Last Friday, Peter Burrows and Dina Bass at Bloomberg posted a story that purportedly revealed Microsoft CEO candidate Stephen Elop's thinking regarding the future of the world's largest software company.
Quoting "three people with knowledge of his thinking," Burrows and Bass said that "Elop would probably move away from Microsoft's strategy of using [Office] to drive demand for its flagship Windows operating system on personal computers and mobile devices... [because] Microsoft could create more value by maximizing sales of Office rather than by using it to prop up sales of Windows-based devices... [and] Elop would be prepared to sell or shut down major businesses to sharpen the company's focus," specifically mentioning Bing and Xbox.
Brushing quickly past obvious errors in the article (such as Microsoft's "refusal to adapt Office for Apple and devices based on Google's Android operating system hasn't helped its software usage" ignores the fact that Microsoft's been peddling Office apps for Apple products since before there were Office apps for Windows), we're left with the impression that Elop wants to put Office on every device -- and he's willing to cut both Xbox and Bing loose in order to do it.
The article also positions Elop as a Microsoft outsider -- a bizarre twist of the well-known facts that amazes me, in a myopic sort of way. Elop took over Microsoft's Business Division -- the Office part of Microsoft -- in January 2008. He moved to Nokia in September 2010, but he never strayed far from the Microsoft fold. Nokia sold its phone business to Microsoft in mid-2013, and Elop's due to go back on the Microsoft payroll in early 2014. Cade Metz's description in Wired of Elop as a "Trojan horse" certainly rings true.
The Office part of the revelation-attributed-to-Elop shouldn't come as much of a shocker to anybody who's been following Office's denouement. Microsoft is moving Office onto every platform it can corral, if not through Office 365 subscriptions or Office Web Apps, then directly on the devices, as in Office 2013 RT. The idea that Office should be held back as one of the Windows family jewels disappeared years ago, as best I can tell. Now it's mostly a question of how quickly, and to what extent, Office morphs to the mobile side.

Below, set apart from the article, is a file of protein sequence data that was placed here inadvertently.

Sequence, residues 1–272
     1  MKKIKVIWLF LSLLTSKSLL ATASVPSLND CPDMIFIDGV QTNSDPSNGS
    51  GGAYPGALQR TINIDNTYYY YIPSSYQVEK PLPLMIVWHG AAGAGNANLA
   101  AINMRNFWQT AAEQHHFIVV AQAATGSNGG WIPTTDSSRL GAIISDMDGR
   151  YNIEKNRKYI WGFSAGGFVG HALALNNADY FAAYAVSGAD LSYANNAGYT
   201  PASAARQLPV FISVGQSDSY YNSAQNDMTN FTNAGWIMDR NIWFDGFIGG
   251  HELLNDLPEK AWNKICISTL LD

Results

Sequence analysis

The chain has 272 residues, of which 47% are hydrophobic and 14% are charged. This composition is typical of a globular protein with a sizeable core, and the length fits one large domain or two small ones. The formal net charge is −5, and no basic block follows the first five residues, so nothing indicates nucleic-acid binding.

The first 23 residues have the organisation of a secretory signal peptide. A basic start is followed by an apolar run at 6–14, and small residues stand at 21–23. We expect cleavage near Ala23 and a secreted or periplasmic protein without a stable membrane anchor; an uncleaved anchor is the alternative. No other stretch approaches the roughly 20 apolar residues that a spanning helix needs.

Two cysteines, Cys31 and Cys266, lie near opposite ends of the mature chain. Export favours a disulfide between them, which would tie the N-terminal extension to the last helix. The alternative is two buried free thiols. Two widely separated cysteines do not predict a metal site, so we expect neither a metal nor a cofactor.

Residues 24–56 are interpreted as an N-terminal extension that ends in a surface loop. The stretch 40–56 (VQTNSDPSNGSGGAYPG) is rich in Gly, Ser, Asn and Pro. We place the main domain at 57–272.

But the part about cutting loose Xbox and Bing raised many eyebrows, including at least the two on my face. Microsoft's irascible head of corporate communications Frank X Shaw tweeted it succinctly: "We appreciate Bloomberg's foray into fiction and look forward to future episodes."
There are two excellent analyses that you should read if the possibility of a spin-off (or kill-off) strikes a resonant chord. Peter Bright at Ars Technica opines that Microsoft shouldn't hire any CEO who wants to kill Bing and Xbox -- and he gives a host of good reasons why such a move would amount to cutting off a 'Softie nose to spite its face. In the specific instance of the Xbox, Jason Evangelho at Forbes projects a fascinating future without Xbox, where Microsoft moves its games to Valve and Linux-based SteamOS.
With all the talk floating around, though, I think there are two important points that have been widely overlooked.